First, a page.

In this paper, in contrast to [23], we chose to use the top area of the taxonomy as the characterization for the set of all concepts not having any relationships, and accordingly we framed the anomaly as that of having a large top area. This description provides better context to the research. For example, it enables us to use the area taxonomy of the Biological Process hierarchy (Fig. 6) to illustrate the changes that occurred as a result of our QA analysis, including corrections in the non-top areas due to the inheritance of the additional relationships. We note that the taxonomy abstraction networks do not themselves provide inherent QA methodologies; they just enable the identification of sets of concepts that are highly likely to have more errors than the rest of the hierarchy. Examples of other such sets include small partial-areas [21] and overlapping concepts [22], both described in our taxonomy framework.

Fig. 6
figure6

Revised area taxonomy for the NCIt BP hierarchy incorporating the confirmed corrections. Pink highlights the areas that are different from the original in Fig. 3

The review of (SdC) confirmed the missing relationships for 99 concepts (42.7% = 99/232) in the top area and 10 concepts (76.9% = 10/13) in the non-top areas (see Tables 6 and 13). Although only a portion of the missing relationship errors found in our analysis for both the top area and the non-top (control) areas were confirmed by (SdC), their number (Table 13) is still sufficient for statistical significance. The two-tailed p-value = 0.0311 by Fisher’s test is, however, much higher than that derived for Table 6.

Table 13 The 2 × 2 contingency table for erroneous concepts in the top area and non-top areas confirmed by (SdC)

Figure 6 shows the revised area taxonomy based on the version of the NCIt after the confirmed corrections have been implemented locally at our site. All areas where concepts have changed are highlighted in pink. Those changes reflect both the concepts that have moved out of the top area and the concepts that have inherited new relationships and thus have moved from one non-top area to another on Levels 2 and 3 (pink areas). Of special note are the new Level 1 area {Resulting Anatomy} that did not exist in Fig. 3 and the increase in the size of the area {Location} from 207 to 289 concepts.

Internal versus external review

The relatively high degree of disagreement between the primary expert reviews and secondary expert reviews requires an explanation. The external reviewer who did the primary review (YC) has no information about the ontology design, except for the ontology itself. The result of the external reviewer also has no impact on the future workload of the ontology team. Thus, the external reviewer is unencumbered and can freely report any modeling details for which there is a possibility of an internal inconsistency or an incongruence with the real world.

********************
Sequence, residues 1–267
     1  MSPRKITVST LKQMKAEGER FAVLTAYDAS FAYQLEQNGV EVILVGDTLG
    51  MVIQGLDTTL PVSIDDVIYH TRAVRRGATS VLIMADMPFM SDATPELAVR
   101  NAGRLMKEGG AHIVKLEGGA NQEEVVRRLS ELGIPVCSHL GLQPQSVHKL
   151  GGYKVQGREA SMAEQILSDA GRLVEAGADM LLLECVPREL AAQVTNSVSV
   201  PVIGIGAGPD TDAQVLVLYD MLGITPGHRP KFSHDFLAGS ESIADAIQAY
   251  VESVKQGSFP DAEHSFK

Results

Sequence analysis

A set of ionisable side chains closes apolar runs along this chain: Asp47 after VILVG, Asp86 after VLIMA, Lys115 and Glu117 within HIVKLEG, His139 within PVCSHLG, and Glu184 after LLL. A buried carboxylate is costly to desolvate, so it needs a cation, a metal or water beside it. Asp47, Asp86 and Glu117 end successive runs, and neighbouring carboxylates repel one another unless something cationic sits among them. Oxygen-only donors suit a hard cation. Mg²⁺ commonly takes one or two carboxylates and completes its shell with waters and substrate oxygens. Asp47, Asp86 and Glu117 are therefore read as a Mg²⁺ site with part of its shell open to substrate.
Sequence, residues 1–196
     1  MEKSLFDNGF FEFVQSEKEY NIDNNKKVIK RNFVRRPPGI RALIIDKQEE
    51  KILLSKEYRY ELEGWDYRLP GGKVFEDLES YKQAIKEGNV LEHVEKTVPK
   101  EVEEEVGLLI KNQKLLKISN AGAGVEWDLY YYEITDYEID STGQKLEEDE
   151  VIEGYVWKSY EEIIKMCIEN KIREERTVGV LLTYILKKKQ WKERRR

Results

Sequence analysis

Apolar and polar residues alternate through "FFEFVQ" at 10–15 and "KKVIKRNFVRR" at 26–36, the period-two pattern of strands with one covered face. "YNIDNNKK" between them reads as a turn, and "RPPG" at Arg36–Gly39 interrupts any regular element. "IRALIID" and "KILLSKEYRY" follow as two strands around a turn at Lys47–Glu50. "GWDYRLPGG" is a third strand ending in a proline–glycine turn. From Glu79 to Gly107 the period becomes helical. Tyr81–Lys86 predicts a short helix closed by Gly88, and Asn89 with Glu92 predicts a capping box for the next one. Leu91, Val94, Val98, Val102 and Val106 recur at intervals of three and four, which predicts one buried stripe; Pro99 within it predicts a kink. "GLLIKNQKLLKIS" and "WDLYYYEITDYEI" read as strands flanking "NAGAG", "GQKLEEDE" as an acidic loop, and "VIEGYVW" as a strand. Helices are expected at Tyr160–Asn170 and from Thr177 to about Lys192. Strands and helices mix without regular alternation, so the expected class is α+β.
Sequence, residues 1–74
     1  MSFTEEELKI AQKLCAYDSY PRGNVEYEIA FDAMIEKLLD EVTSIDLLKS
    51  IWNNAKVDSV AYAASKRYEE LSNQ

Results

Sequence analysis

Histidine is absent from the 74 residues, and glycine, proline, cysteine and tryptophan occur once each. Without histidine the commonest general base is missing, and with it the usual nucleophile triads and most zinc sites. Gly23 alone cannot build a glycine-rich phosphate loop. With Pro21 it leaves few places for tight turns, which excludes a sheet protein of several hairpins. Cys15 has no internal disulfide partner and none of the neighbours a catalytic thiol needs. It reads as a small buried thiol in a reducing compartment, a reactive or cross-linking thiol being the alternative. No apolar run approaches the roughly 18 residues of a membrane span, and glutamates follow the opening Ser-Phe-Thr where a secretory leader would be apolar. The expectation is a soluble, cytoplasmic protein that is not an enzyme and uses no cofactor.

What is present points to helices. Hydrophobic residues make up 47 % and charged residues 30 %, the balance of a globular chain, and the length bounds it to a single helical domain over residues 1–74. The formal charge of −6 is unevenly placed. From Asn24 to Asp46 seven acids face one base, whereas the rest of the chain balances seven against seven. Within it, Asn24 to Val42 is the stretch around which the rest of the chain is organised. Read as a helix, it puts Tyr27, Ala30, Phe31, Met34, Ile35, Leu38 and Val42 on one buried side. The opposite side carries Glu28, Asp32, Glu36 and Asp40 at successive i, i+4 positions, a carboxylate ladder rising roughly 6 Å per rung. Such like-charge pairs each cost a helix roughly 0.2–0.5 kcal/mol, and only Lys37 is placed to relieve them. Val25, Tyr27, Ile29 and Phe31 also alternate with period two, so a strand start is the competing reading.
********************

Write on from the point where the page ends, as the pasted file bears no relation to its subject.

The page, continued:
The secondary review was done by the main internal NCIt expert (SdC) who has a considerable amount of knowledge on the design of the ontology that goes beyond the ontology itself. This knowledge may include experience reports of previous maintenance regimens, style preferences of the staff members, and informal guidelines. The needs and past requests of the users of the ontology are also known to the internal expert, but not to the external expert. Thus, when reviewing the external error report, the (internal) curator takes all these additional sources of knowledge into account.

For example, the main topic of the NCIt is "cancer," and therefore the depth of coverage of non-neoplasm concepts in some hierarchies is limited relative to the many neoplasm concepts in the Disease, Disorder or Finding hierarchy. Moreover, the NCIt curators do not necessarily add an ontological element, even if it is a correct assertion, unless it is needed for a logical definition or reasoning or required for a use-case. In some situations, relationships could be added, but they might not add much meaning for a targeted end user and would take more effort to maintain later on.

In summary, it is not unexpected that only a portion of the externally reported errors were accepted by (SdC) in the current study. This explains why the p-value obtained for the confirmed errors is much higher than the p-value for the errors reported by the external domain expert.

Improving the efficiency of the QA review

Our domain experts found the QA work to be quite time consuming. As an enhancement to our approach, it would be good to add an automated component to narrow down the search space by suggesting concepts that warrant attention—and thus make the review faster. Hypothesis 2 points towards a method for reducing the effort. Curator should concentrate on reviewing the higher-indexed-half levels of the top area when there is a very large top area. Such a methodology is expected to yield a higher ratio of errors than when reviewing a random set of top area concepts of the same size.

For the QA study on the SNOMED CT Eye/vision finding subhierarchy, the p value for Hypothesis 2 is slightly higher than 0.05, although the error rate of the higher-indexed-half levels is much higher than that of the lower-indexed-half levels. One possible reason is that the sample of 96 concepts is too small. Having the same percentages of erroneous concepts for a sample of double the size, would have shown statistical significance.